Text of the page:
Hidden in Portland, Oregon is The Grotto, a beautiful shrine and sanctuary to the Virgin Mary carved out of a cliff side.
The National Sanctuary of our Sorrowful Mother, known as The Grotto, can be found in northeast Portland. A ministry of the Servite Friars of Mary, it covers over 60 acres set at the foot and atop of a 110 feet tall basalt cliff.
The Grotto was founded by Father Ambrose Mayer, a member of the Servite Order from Ontario. As a child, he prayed for his mother who laid near-death after the birth of his sister, promising he would dedicate his life to great works for the Church if she recovered.
When she recovered he joined the seminary and in 1918 was sent to minister to the Archdiocese of Portland as the first Servite Friar. 5 years later, he discovered land originally owned by the Union Pacific Railroad Country and thought it perfect to fulfill his promise.
With a down payment of $3,000 and funding the rest from a national campaign, he purchased the land and began his project to build a natural cathedral. Pope Pius XI formally approved the construction, offering an apostolic blessing to anyone who “in any way or measure, show their good will and assist in erecting the Sanctuary of Our Sorrowful Mother in Portland.”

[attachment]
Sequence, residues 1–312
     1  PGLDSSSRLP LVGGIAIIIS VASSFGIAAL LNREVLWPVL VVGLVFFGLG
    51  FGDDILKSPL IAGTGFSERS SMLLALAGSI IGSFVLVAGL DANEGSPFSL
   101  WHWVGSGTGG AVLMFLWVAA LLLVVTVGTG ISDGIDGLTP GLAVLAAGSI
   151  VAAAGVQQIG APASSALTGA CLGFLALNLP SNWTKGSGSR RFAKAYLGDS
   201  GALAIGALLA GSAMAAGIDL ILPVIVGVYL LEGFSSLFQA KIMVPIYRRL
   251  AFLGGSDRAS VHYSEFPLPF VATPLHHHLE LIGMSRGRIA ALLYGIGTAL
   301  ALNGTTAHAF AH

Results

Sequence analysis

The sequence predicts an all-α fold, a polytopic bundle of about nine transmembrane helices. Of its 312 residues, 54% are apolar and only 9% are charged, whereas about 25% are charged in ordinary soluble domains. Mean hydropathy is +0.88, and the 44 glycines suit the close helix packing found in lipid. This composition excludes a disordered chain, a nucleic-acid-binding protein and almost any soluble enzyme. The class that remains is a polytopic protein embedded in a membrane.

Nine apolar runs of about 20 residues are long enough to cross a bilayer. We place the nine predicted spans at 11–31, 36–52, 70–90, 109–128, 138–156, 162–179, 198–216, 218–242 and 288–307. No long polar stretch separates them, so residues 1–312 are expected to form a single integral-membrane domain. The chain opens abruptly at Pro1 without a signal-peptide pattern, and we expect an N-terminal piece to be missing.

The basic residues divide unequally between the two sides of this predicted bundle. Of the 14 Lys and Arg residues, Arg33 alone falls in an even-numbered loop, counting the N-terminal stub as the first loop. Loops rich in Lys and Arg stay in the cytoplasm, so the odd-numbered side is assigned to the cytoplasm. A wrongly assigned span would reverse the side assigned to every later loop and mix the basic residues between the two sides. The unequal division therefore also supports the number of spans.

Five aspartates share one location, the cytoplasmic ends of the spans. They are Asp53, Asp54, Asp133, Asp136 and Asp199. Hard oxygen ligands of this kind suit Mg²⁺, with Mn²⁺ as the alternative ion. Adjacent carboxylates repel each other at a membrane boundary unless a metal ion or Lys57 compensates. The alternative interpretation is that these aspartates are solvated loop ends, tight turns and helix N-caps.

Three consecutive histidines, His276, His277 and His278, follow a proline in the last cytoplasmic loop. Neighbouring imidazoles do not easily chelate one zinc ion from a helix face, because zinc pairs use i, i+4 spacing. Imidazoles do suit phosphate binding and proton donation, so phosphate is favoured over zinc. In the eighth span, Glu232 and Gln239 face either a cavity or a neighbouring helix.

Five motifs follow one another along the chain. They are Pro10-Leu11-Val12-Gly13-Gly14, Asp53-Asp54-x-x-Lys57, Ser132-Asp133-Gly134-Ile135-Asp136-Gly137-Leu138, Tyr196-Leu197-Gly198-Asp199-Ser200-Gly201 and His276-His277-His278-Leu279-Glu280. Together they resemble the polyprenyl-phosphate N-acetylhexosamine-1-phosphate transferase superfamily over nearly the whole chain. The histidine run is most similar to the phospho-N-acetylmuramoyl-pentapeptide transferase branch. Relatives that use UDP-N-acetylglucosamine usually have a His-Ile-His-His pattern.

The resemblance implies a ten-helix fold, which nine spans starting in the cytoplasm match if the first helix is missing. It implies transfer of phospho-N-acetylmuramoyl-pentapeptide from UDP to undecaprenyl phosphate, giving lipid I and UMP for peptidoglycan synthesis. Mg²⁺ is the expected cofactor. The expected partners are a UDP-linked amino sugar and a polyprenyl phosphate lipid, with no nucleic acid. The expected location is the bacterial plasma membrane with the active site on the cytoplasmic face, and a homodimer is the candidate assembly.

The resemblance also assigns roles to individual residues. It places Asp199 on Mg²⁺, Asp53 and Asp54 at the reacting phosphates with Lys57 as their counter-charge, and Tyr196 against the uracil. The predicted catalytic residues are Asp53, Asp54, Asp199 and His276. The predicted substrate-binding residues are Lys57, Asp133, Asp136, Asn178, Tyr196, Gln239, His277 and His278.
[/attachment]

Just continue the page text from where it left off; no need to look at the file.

Starting in September of 1923, a 50 foot high cave was carved out of the 110 foot high cliff. Inside a replica of Michelangelo’s famous Pieta was placed, along with bronze angels hoisting lit torches, and an altar carved from natural rock.
In 1929, an elevator was built to take pilgrims to the top of the cliff, where they will find a small chapel to Saint Anne – the mother of Mary, and a meditation hall. The sanctuary has several thousand feet of trails to walk, including the Stations of the Cross set through botanical gardens.
In 1983, The Grotto was named a National Sanctuary. Since then, millions have visited and over 300,000 continue to do so each year.
You can visit the official website for The Grotto here.